Well here I am, about to turn thirty-six this year and STILL childless.

And to top it off, I just had my follow-up appointment with my GYN today. The one to go over the results of my latest US, et al in regards to the increase in pain and bloating with each cycle. And well … as suspected, without doing any “looky-see” surgery, it appears that my endometriosis is back. So now it’s time to go back on Lupron. Back to being void from any emotion, except for the extreme highs or lows. Back to having no chance AT ALL at being pregnant. Basically, no ability to have any glimmer of hope. At least for the next three months. And then maybe another three months after that.

On an upswing … at least I won’t have any “oh geez … can you just kill me now because this must be what hell in a uterus feels like” pain for now.

Chances in H-E-double-hockey-sticks

Today I am feeling … sad.

I shouldn’t be. It’s my day off from work and I’ve only got two more days until another weekend. It’s my Mom’s birthday, and although she & Dad are in Aruba for a week of fun, I’m wishing that she’s having a wonderful sand n’ sun kinda day. And it’s bright as bright can be here in Suburban Detroit.

But it’s cold … really cold right now. And maybe that’s what I’m missing today. Is warmth. I want to be back in bed in my cozy pajamas snuggling with both my cats on either side of me. I want a steaming hot cup of cocoa with marshmallows to sip on. I want to flip randomly through the television and finally settle on turning it off and reading a good happy book.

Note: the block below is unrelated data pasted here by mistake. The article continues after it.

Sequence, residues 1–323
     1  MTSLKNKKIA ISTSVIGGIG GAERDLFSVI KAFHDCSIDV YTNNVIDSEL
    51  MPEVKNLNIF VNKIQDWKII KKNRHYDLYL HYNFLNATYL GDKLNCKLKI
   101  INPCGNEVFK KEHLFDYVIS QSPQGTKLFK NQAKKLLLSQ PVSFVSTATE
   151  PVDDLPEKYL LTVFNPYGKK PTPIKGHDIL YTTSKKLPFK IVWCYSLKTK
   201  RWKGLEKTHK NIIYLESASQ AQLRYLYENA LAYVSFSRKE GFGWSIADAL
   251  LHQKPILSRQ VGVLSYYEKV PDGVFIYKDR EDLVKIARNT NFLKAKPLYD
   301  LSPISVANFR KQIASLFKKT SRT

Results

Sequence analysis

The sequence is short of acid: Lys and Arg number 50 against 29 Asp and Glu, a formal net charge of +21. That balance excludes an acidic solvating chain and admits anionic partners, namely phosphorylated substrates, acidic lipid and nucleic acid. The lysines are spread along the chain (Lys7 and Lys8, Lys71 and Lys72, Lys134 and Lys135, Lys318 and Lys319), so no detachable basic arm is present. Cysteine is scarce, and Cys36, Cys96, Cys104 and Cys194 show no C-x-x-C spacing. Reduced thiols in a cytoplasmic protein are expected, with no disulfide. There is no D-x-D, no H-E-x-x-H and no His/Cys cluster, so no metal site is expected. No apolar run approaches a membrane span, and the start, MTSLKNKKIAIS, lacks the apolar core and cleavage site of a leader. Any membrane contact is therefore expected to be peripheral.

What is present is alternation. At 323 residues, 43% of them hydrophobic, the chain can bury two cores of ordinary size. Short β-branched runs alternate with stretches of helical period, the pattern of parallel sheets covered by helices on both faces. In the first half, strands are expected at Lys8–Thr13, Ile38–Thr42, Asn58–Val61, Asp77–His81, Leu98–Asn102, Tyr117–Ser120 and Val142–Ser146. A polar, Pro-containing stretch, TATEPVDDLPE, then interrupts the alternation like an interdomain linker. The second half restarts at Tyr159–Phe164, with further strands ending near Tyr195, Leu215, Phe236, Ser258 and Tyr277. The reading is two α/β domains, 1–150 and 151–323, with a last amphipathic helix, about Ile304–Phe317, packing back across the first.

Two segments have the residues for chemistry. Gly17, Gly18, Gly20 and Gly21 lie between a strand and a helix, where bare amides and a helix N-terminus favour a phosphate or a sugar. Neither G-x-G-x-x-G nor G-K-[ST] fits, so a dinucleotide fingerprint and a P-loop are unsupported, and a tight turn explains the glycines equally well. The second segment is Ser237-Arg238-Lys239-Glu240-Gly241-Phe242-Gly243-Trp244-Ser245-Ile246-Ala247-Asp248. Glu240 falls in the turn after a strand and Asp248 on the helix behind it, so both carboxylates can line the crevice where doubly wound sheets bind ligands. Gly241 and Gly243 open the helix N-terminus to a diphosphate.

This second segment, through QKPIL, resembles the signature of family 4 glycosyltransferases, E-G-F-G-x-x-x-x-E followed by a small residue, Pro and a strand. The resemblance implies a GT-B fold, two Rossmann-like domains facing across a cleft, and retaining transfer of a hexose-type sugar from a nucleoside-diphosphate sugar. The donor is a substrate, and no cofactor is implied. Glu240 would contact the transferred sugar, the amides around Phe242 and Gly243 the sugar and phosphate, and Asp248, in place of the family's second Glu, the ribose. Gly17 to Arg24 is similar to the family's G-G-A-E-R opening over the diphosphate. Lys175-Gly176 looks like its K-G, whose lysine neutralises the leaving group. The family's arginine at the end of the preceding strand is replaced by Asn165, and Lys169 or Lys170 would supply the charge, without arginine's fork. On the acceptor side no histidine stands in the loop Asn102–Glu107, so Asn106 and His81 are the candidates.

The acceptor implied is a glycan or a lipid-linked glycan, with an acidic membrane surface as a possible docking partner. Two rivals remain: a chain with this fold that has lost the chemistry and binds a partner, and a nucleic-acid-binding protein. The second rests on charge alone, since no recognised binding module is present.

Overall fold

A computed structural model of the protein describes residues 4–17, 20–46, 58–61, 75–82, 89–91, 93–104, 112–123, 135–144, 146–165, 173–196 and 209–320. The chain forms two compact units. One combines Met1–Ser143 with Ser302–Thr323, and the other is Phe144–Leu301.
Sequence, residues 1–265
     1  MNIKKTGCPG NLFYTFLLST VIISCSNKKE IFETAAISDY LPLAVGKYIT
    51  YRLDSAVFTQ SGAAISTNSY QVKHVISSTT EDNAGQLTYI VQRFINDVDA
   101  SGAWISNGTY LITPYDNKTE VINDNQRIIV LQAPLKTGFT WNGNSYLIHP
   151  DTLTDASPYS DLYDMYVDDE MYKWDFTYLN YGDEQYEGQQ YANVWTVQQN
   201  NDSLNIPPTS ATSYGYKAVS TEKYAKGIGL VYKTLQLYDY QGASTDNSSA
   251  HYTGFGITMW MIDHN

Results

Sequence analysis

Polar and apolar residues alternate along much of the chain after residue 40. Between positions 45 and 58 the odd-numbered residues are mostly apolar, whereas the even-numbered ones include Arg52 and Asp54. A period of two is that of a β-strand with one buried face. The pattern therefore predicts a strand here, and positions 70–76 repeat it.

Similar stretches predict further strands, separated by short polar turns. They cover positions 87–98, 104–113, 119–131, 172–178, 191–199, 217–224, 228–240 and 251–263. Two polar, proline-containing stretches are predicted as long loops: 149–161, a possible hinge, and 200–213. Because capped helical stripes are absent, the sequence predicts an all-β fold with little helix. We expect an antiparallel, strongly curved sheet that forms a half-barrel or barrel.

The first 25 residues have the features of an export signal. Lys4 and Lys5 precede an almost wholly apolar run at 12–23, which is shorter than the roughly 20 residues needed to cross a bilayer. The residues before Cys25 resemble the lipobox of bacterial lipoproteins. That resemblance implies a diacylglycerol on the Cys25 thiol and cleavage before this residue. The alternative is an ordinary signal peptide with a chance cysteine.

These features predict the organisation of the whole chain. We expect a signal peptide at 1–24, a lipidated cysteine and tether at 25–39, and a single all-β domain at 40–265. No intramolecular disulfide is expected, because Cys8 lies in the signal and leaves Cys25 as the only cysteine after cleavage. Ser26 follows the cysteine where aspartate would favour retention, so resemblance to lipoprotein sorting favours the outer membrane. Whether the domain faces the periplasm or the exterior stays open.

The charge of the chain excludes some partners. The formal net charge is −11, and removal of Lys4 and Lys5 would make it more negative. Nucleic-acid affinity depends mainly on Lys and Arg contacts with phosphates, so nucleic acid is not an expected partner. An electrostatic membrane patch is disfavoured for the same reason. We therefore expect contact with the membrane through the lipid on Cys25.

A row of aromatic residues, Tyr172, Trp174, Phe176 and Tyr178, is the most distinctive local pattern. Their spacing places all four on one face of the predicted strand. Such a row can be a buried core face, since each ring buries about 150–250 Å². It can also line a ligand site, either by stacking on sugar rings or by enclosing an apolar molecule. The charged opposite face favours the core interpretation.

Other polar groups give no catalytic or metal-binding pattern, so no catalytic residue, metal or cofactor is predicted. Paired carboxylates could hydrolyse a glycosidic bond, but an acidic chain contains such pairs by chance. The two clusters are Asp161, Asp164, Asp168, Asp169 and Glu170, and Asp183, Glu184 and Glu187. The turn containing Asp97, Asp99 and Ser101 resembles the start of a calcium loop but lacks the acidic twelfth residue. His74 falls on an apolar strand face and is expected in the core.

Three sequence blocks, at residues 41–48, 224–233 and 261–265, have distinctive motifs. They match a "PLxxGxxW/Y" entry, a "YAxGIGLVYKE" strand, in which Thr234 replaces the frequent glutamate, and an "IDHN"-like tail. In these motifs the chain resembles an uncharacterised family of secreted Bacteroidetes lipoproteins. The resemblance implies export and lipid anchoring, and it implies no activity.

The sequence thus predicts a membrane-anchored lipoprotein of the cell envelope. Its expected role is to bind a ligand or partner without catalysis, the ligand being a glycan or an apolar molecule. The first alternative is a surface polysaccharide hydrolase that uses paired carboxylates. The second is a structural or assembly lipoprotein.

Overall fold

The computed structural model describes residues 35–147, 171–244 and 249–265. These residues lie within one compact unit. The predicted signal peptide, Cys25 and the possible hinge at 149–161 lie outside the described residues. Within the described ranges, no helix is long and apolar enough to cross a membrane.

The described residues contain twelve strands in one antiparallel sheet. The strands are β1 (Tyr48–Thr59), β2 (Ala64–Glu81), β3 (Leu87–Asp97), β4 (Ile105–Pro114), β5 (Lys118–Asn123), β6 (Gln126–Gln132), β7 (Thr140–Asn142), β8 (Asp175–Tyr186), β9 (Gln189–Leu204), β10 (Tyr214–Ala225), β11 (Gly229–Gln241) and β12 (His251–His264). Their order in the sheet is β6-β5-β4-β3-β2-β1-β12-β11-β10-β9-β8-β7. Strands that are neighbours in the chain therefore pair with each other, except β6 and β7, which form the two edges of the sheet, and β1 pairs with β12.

Instead I’m sitting here at a local cafe, which normally I like to do, and freezing my tush off. And contemplating my life.

I just got back from my OB/Gyn office and I guess I’m feeling a little oversensitive. The reason I went today was to have an ultrasound. I had made an appointment to see my doc last week, in the midst of yet another painful period, which have been increasing in intensity over the past year. The ultrasound scheduled today was to see whether or not my endometriosis was back. And truthfully, even without having my doc review the images, I pretty much know that it is.

I know I haven’t gone into detail about my infertility past. I do that purposefully, because quite frankly I hate reliving that point of my life. But the basic jist is that I’ve had multiple scopes and even a laparotomy to clear out some pretty bad endo … only to find out that in the midst of my IVF work-up that I also had PCOS. So not only am I in pain pretty much with every cycle, but my hormones are seriously whacked-up. (Why do I have the urge to cross my arms like Rev. Run from Run DMC and say “Word!”?) And after the failed IVF and subsequent decision NOT to go through a frozen cycle with only one embie, I just drifted into a haze until that fateful day in November of 2006.